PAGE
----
The recovery of the live performance sector continued during the third quarter of 2022. Nominal GDP increased 2.8%. Jobs increased 5.3%.
After a tough year’s start amid the sixth wave of the pandemic, the live performance sector bounced back in the second quarter of the year.
The GDP growth of the live performance sector stalled during the first quarter of 2021, but employment performed better than other sectors.
The GDP and employment increases observed over the second half of 2021 echo government interventions announced a year before.
According to the Labour Force Survey, employment among performing arts, spectator sports and related industries declined for a third consecutive month in January 2022.
The live performance sector saw its first signs of a recovery during the third quarter of 2021.
Despite a gradual easing of public health restrictions in the provinces and territories, performing arts companies, presenters and festivals still showed no signs of economic recovery in the second quarter of 2021.
While the Canadian economy as a whole almost fully recovered from the impact of the COVID-19 pandemic, the culture sector still lags behind.
New quarterly indicators released today by Statistics Canada provide an accurate measure of the profound impact of the COVID-19 pandemic on the live performance domain.
While employment rebounded across the Canadian economy in February, the live performance sector took another dive. Self-employed artists and technicians, who had managed to hold on thanks to emergency support, are most severely impacted.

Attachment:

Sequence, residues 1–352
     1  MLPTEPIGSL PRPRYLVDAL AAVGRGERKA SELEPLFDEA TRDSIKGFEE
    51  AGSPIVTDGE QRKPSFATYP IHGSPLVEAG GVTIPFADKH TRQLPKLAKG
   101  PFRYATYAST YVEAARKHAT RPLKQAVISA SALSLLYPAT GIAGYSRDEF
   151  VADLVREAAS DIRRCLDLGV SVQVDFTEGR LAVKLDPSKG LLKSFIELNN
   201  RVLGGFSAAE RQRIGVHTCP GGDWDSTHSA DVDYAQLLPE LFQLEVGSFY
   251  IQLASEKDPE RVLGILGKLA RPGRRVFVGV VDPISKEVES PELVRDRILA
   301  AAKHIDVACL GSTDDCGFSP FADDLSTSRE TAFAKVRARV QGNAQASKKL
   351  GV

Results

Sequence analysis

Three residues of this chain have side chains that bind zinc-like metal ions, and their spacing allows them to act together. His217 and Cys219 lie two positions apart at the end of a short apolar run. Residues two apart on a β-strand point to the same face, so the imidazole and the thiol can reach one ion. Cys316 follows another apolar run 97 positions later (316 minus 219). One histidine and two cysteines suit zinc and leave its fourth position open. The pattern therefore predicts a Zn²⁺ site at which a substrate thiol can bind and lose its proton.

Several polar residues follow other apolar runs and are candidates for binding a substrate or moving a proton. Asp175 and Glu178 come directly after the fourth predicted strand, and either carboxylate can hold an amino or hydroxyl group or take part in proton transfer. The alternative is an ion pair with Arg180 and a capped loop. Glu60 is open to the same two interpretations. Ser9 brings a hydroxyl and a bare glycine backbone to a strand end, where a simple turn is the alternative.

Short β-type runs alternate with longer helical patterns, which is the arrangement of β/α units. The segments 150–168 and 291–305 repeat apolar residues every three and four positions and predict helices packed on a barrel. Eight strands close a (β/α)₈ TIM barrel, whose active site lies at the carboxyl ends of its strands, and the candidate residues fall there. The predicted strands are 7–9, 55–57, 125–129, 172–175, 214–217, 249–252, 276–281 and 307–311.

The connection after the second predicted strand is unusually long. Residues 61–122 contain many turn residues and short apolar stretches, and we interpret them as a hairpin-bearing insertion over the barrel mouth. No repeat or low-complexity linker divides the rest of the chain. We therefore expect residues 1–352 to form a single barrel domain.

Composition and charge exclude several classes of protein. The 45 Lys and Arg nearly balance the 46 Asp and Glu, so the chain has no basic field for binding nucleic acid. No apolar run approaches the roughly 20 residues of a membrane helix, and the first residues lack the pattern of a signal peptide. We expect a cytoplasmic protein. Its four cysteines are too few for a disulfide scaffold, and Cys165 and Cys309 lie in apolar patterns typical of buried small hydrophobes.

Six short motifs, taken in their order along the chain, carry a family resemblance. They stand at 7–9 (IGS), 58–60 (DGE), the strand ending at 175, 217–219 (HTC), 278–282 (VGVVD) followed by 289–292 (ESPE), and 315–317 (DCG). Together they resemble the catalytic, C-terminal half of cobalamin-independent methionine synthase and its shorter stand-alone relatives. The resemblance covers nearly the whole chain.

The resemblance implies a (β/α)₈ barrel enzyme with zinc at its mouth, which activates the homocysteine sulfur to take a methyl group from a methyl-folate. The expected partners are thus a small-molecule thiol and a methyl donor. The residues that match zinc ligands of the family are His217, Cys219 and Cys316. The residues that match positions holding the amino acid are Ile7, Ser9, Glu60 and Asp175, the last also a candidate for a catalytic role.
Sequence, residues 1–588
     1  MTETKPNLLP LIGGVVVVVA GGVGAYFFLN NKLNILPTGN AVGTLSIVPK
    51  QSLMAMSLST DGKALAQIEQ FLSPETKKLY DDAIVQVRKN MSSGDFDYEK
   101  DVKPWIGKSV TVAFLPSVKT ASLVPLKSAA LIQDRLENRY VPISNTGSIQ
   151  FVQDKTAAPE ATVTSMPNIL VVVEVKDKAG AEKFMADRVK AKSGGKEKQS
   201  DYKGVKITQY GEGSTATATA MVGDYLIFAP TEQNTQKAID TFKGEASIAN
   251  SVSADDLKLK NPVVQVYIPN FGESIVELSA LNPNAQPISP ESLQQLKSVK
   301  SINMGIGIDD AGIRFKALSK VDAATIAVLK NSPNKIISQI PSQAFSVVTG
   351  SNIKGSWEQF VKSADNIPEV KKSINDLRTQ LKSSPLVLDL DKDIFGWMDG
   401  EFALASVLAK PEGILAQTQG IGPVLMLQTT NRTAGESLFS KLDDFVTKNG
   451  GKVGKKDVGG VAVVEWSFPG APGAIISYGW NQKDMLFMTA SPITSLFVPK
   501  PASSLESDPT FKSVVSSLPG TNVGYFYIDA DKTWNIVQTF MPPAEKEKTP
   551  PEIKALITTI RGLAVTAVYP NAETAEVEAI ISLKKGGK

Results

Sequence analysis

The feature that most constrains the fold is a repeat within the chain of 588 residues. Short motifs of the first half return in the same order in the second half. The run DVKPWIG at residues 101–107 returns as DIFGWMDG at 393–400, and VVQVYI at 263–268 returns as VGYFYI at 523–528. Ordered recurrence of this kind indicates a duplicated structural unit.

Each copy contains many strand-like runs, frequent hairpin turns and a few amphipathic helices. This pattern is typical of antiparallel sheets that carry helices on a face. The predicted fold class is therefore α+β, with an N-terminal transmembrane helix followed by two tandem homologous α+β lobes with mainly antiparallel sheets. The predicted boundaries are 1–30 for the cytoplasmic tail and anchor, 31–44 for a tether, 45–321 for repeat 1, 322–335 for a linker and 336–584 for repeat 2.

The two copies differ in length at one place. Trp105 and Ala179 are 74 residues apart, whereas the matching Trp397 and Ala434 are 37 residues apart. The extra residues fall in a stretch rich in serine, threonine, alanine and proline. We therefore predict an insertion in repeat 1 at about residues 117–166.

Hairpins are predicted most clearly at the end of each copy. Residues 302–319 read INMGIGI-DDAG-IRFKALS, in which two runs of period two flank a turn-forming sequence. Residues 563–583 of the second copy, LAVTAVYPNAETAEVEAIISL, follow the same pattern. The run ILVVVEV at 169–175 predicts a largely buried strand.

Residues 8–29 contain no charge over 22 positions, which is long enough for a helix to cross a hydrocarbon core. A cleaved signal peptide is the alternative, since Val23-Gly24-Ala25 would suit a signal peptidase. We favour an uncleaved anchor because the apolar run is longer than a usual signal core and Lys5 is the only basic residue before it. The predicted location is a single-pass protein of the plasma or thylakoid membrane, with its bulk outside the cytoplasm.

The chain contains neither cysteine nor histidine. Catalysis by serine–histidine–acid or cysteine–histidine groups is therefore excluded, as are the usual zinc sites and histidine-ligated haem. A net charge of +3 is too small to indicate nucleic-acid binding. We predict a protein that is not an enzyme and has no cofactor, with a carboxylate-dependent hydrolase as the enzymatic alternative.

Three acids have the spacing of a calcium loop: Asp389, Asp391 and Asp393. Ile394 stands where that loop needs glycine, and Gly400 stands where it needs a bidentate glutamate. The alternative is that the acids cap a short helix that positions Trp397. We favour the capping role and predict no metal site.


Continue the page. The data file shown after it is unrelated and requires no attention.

Government regulations were the top obstacle reported by arts, entertainment and recreation organizations, followed by demand-related concerns.
The COVID pandemic took a particularly heavy toll on the arts sector in 2020. One in four arts, entertainment and recreation workers lost their job in 2020, compared to 2019. That’s 114,400 artists, technicians, marketing staff, arts administrators and other cultural workers who could no longer earn...Read More
Employment declined in most industries in December, including the arts sector and in cultural industries in December 2020.
Last week, Minister of Finance Chrystia Freeland announced that certain “fiscal guardrails will help [the government] establish when the stimulus will be wound down.” One of these indicators – total hours worked – is particularly fitted to account for under-employment in sectors, such as the arts, t...Read More
New public health restrictions ordered by provincial governments in response to spiking COVID-19 cases impacted many industries in October. Those that were already among the hardest hit reported further job losses.
On September 22nd, nearly 700 venues lit up in red across the country to raise awareness of job losses among live event workers. As a matter of fact, all employment indicators in performing arts and entertainment industries once again fell in September.
While the Canadian economy is slowly recovering, another 6,600 live performance workers lost their job in August.
Nearly all arts, culture and heritage industries showed signs of recovery in July 2020. Employment in performing arts industries is still 23% below pre-COVID levels, but hours worked continued to rebound.
Performing arts companies saw the largest decrease in total hours worked in June 2020: -73,5%.
Employment in the information, culture and recreation industry was 83.1% of its pre-COVID level, the second-lowest proportion across all industries.
Between February and May 2020, 192,300 workers in information, culture and recreation industries lost their job. Employment declined from 778,700 to 586,400: a 24.7% drop.
According to Statistics Canada, businesses in the arts, entertainment and recreation sector are the most severely impacted by the COVID-19 crisis, along with accommodation and food.